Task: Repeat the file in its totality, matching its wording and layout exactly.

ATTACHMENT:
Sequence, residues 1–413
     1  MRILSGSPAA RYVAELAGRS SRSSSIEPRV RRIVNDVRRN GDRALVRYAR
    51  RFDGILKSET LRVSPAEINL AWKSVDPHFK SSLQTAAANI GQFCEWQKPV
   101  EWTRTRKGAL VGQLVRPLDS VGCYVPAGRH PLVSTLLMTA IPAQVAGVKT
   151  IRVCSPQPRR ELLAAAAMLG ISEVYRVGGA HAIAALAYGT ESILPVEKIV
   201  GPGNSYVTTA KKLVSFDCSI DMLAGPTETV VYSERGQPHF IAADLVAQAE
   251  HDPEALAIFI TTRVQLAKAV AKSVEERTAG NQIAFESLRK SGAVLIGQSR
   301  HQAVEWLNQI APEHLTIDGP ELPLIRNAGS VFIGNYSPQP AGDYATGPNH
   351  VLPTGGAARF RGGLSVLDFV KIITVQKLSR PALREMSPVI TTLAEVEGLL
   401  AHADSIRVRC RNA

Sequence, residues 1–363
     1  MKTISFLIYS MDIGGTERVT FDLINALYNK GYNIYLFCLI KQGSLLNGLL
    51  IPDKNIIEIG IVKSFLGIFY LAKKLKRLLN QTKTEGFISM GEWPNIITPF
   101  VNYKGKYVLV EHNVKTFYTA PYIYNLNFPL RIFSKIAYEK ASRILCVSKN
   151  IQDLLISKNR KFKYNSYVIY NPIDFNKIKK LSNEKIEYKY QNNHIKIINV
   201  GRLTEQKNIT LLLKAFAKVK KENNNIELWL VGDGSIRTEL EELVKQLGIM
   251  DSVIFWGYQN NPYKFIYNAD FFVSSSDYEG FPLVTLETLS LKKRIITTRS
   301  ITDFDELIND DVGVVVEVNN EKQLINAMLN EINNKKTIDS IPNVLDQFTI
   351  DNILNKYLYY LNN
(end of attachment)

Sequence, residues 1–413
     1  MRILSGSPAA RYVAELAGRS SRSSSIEPRV RRIVNDVRRN GDRALVRYAR
    51  RFDGILKSET LRVSPAEINL AWKSVDPHFK SSLQTAAANI GQFCEWQKPV
   101  EWTRTRKGAL VGQLVRPLDS VGCYVPAGRH PLVSTLLMTA IPAQVAGVKT
   151  IRVCSPQPRR ELLAAAAMLG ISEVYRVGGA HAIAALAYGT ESILPVEKIV
   201  GPGNSYVTTA KKLVSFDCSI DMLAGPTETV VYSERGQPHF IAADLVAQAE
   251  HDPEALAIFI TTRVQLAKAV AKSVEERTAG NQIAFESLRK SGAVLIGQSR
   301  HQAVEWLNQI APEHLTIDGP ELPLIRNAGS VFIGNYSPQP AGDYATGPNH
   351  VLPTGGAARF RGGLSVLDFV KIITVQKLSR PALREMSPVI TTLAEVEGLL
   401  AHADSIRVRC RNA

Sequence, residues 1–363
     1  MKTISFLIYS MDIGGTERVT FDLINALYNK GYNIYLFCLI KQGSLLNGLL
    51  IPDKNIIEIG IVKSFLGIFY LAKKLKRLLN QTKTEGFISM GEWPNIITPF
   101  VNYKGKYVLV EHNVKTFYTA PYIYNLNFPL RIFSKIAYEK ASRILCVSKN
   151  IQDLLISKNR KFKYNSYVIY NPIDFNKIKK LSNEKIEYKY QNNHIKIINV
   201  GRLTEQKNIT LLLKAFAKVK KENNNIELWL VGDGSIRTEL EELVKQLGIM
   251  DSVIFWGYQN NPYKFIYNAD FFVSSSDYEG FPLVTLETLS LKKRIITTRS
   301  ITDFDELIND DVGVVVEVNN EKQLINAMLN EINNKKTIDS IPNVLDQFTI
   351  DNILNKYLYY LNN